Tag Archives: making

Life in the Vats: Have We Forgotten How to Make Things?

26 Oct

If so, we’re dead. Oh sure, as individuals, we’re going to die someday. What I’m talking about is our society, our culture. We can’t live on service and information. We need to make things.

At all levels.

My father spent his working life with the Bethlehem Steel Corporation. When he worked for there it was the second-largest steel company in the country, and perhaps the world. Now it doesn’t even exist.

I more or less know why the American steel industry collapsed—OPEC, high oil prices, foreign cars invading the American market, and so forth. I’m not pretending that didn’t happen or that we can go back to those days. We can’t.

But we’re doing something wrong. It’s not simply that flipping burgers doesn’t pay as well as pouring steel—and it is, after all, a lot less dangerous. Nor does running down the aisles of a giant fulfillment warehouse pay as well as working the assembly-line in an automobile plant, and that gig is, if anything, more physically wearing. The pay is important.

But making things with your hands is more important. Being in the direct and immediate presence of morphing physical stuff—iron ore to iron, sheet metal to an auto body, thread to fabric, fabric to pajamas, logs to pulp, pulp to paper, paper to cut-outs for a home-made Halloween costume, seeds to earth to corn to hot-buttered corn-on-the cob—that’s VERY important. Continue reading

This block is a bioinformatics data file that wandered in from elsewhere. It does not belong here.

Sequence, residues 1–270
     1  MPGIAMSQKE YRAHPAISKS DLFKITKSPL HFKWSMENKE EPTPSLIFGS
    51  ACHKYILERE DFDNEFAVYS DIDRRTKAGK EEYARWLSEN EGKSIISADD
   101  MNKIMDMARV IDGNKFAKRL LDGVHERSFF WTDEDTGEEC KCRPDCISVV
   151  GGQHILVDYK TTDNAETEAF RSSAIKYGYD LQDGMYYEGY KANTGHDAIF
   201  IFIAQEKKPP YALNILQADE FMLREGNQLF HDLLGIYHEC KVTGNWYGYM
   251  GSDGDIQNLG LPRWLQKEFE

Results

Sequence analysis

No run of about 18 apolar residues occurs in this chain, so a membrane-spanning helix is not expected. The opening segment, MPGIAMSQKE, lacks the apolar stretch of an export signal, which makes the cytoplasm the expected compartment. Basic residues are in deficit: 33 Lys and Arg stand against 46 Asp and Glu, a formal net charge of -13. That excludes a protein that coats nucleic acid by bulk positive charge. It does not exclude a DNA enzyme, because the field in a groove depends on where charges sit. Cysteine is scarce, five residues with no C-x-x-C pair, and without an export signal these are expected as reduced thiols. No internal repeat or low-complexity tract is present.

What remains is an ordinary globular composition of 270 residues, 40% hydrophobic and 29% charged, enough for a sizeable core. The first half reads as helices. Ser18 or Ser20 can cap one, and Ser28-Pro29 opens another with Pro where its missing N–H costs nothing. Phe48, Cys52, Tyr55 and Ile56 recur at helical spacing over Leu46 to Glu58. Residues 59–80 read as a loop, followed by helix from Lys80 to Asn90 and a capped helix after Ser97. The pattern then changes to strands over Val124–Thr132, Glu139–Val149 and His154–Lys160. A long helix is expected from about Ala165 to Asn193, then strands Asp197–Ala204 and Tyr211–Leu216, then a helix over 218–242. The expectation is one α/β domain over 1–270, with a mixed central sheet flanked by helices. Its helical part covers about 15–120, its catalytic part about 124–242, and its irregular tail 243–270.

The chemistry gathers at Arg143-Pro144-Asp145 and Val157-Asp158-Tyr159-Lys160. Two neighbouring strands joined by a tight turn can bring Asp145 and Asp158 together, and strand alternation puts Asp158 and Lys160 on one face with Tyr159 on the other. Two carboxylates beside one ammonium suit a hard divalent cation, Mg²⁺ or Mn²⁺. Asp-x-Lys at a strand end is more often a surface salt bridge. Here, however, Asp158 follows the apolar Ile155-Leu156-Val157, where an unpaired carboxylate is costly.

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What Happened to the Craftsmanship Spirit? — Essay – NYTimes.com

23 Jul

Yes! Making things with your own hands is the most basic form of building things. All other forms are built on that. Whether you’re building a computer  program, an industrial empire, a philosophical system, or a social club, building takes skills and those skills start with learning how to build things with your body.

It’s all very handy stuff, I guess, a convenient way to be a do-it-yourselfer without being all that good with tools. But at a time when the American factory seems to be a shrinking presence, and when good manufacturing jobs have vanished, perhaps never to return, there is something deeply troubling about this dilution of American craftsmanship.

This isn’t a lament — or not merely a lament — for bygone times. It’s a social and cultural issue, as well as an economic one. The Home Depot approach to craftsmanship — simplify it, dumb it down, hire a contractor — is one signal that mastering tools and working with one’s hands is receding in America as a hobby, as a valued skill, as a cultural influence that shaped thinking and behavior in vast sections of the country.

via What Happened to the Craftsmanship Spirit? — Essay – NYTimes.com.